BITTY BOT'S BIG BEACH GETAWAY

From the Bitty Bot series

Bitty Bot is back in this beachside companion to his previous, eponymous interstellar adventure (2016).

“At the beach in Botco Bay, / robots love to splash and play.” But not Bitty Bot—the little robot would rather skip the heat and sand and play back home in Robot City. Bitty’s not afraid of water (that’s what “rustproof robot oil” is for); it’s just that there’s no one to play with. Things start to look up when Bitty spots two other unhappy young bots, Clank and Smitty. Bitty mobilizes the pair—along with Bitty’s trusty robot-dog and a very amiable crab—to build a submarine for undersea exploration. On its maiden voyage the group sees stingrays, mermaids, giant squids….But when the sub springs a leak, will the quartet make it back to the surface? The cast of characters includes robots of different body types and colors. (Eyelashes suggest gender; none of the three child bots sport them, however.) Unlike the robots, the mermaids (buxom and purple) look mostly homogenous. The parent bots are eerily cheery, unfazed by their children’s exploits—possibly suggesting that the children’s travels were just make-believe. The rhyming couplets sustain a jaunty pace and playfulness that neatly match the almost-giddy art style. The warm color palette of the beach and the contrasting cool tones of the robots and underwater scenery make this a good choice for group sharing in storytime.

A delightful sea-quel. (Picture book. 3-7)

Pub Date: April 24, 2018

ISBN: 978-1-4814-4931-1

Page Count: 32

Publisher: Paula Wiseman/Simon & Schuster

Review Posted Online: Feb. 3, 2018

Kirkus Reviews Issue: Feb. 15, 2018

Did you like this book?

No Comments Yet

An entertaining, if light, addition to the growing shelf of celebrity-authored picture books.

BUSY BETTY

Actor and author Witherspoon makes her picture-book debut.

Betty, a light-skinned, bespectacled child with blond pigtails, was born busy. Constantly in motion, Betty builds big block towers, cartwheels around the house (underfoot, of course), and plays with the family’s “fantabulous” dog, Frank, who is stinky and dirty. That leads to a big, busy, bright idea that, predictably, caroms toward calamity yet drags along enough hilarity to be entertaining. With a little help from best friend Mae (light-skinned with dark hair), the catastrophe turns into a lucrative dog-washing business. Busy Betty is once again ready to rush off to the next big thing. Yan uses vivid, pastel colors for a spread of a group of diverse kids bringing their dogs to be washed, helping out, and having fun, while the grown-ups are muted and relegated to the background. Extreme angles in several of the illustrations effectively convey a sense of perpetual motion and heighten the story’s tension, drawing readers in. An especially effective, glitter-strewn spread portrays Frank looming large and seemingly running off the page while Betty looks on, stricken at the ensuing mess. Though it’s a familiar and easily resolved story, Witherspoon’s rollicking text never holds back, replete with amusing phrases such as “sweet cinnamon biscuits,” “bouncing biscuits,” and “busted biscuits.” As Betty says, “Being busy is a great way to be.” Young readers are sure to agree. (This book was reviewed digitally.)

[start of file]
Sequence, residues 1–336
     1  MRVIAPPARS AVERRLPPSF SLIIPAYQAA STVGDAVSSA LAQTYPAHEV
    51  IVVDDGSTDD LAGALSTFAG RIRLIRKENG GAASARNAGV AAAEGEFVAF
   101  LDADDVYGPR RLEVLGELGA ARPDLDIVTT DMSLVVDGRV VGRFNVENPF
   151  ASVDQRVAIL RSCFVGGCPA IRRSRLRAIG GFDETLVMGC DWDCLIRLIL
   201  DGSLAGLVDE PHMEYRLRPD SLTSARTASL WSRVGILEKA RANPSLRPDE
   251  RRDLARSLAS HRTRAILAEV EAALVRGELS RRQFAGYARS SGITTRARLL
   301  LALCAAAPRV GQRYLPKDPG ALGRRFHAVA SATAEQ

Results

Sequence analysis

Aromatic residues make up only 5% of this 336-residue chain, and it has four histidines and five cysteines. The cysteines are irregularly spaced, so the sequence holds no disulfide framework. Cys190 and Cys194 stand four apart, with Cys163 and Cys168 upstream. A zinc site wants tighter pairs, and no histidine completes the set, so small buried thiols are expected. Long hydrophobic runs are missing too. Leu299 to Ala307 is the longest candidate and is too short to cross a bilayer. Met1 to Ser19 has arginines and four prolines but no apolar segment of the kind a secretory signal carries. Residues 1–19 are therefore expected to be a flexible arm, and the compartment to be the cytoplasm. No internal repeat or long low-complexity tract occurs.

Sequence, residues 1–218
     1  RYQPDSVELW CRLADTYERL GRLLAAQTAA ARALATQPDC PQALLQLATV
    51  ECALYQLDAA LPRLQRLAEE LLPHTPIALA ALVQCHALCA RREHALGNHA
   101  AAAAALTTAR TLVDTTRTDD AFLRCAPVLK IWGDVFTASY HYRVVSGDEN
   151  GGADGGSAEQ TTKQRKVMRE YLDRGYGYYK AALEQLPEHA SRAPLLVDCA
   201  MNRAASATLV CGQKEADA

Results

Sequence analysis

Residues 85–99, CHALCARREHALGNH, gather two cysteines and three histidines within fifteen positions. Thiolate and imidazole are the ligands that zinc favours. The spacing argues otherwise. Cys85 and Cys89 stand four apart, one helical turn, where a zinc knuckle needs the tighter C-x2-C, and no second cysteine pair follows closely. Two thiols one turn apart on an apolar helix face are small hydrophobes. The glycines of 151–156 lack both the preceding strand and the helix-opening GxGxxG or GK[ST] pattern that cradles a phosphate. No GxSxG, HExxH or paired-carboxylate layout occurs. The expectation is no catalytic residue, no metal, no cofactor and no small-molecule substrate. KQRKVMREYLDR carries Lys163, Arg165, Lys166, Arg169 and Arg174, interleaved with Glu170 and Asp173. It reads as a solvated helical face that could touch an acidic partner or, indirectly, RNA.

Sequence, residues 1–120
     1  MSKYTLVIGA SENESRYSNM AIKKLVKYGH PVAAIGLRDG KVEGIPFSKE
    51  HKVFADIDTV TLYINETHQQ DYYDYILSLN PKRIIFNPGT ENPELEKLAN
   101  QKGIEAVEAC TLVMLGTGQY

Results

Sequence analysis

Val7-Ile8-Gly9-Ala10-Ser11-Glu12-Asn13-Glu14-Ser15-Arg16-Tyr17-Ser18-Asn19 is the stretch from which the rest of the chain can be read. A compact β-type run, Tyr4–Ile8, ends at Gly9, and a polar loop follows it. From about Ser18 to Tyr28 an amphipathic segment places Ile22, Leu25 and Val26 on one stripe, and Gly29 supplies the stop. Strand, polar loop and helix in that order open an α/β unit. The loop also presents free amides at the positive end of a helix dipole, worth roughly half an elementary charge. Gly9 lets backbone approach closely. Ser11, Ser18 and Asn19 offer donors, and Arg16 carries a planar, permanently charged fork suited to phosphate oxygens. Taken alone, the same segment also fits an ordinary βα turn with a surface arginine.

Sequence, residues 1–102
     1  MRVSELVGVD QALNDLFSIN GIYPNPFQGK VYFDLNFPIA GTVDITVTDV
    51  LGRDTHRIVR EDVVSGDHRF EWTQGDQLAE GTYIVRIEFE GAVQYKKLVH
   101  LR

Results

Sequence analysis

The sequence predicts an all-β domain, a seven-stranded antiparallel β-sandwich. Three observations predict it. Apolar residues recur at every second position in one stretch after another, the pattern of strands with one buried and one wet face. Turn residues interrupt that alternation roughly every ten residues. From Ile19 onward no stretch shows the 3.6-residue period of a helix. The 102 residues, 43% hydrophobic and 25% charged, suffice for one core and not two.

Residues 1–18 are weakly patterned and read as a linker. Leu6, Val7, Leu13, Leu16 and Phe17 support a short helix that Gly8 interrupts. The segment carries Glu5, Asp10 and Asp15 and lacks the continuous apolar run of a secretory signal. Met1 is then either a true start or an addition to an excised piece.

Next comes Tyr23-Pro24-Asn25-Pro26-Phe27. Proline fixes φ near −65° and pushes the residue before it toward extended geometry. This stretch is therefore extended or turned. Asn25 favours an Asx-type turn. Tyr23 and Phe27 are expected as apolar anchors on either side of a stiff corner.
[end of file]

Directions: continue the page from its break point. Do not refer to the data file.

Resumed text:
An entertaining, if light, addition to the growing shelf of celebrity-authored picture books. (Picture book. 4-7)

Pub Date: Oct. 4, 2022

ISBN: 978-0-593-46588-2

Page Count: 32

Publisher: Flamingo Books

Review Posted Online: July 13, 2022

Kirkus Reviews Issue: Aug. 1, 2022

Did you like this book?

No Comments Yet

This extraordinary book will make it hard for any child reader to settle for the mundaneness of reality.

WHAT IF...

A testament to the power of an imaginative mind.

A compulsively creative, unnamed, brown-skinned little girl with purple hair wonders what she would do if the pencil she uses “to create…stories that come from my heart” disappeared. Turns out, it wouldn’t matter. Art can take many forms. She can fold paper (origami), carve wood, tear wallpaper to create texture designs, and draw in the dirt. She can even craft art with light and darkness or singing and dancing. At the story’s climax, her unencumbered imagination explodes beyond the page into a foldout spread, enabling readers both literally and figuratively to see into her fantasy life. While readers will find much to love in the exuberant rhyming verse, attending closely to the illustrations brings its own rewards given the fascinating combinations of mixed media Curato employs. For instance, an impressively colorful dragon is made up of different leaves that have been photographed in every color phase from green to deep red, including the dragon’s breath (made from the brilliant orange leaves of a Japanese maple) and its nose and scales (created by the fan-shaped, butter-colored leaves of a gingko). Sugar cubes, flower petals, sand, paper bags, marbles, sequins, and lots more add to and compose these brilliant, fantasy-sparking illustrations.

This extraordinary book will make it hard for any child reader to settle for the mundaneness of reality. (Picture book. 3-7)

Pub Date: April 3, 2018

ISBN: 978-0-316-39096-5

Page Count: 40

Publisher: Little, Brown

Review Posted Online: Jan. 13, 2018

Kirkus Reviews Issue: Feb. 1, 2018

Did you like this book?

No Comments Yet
more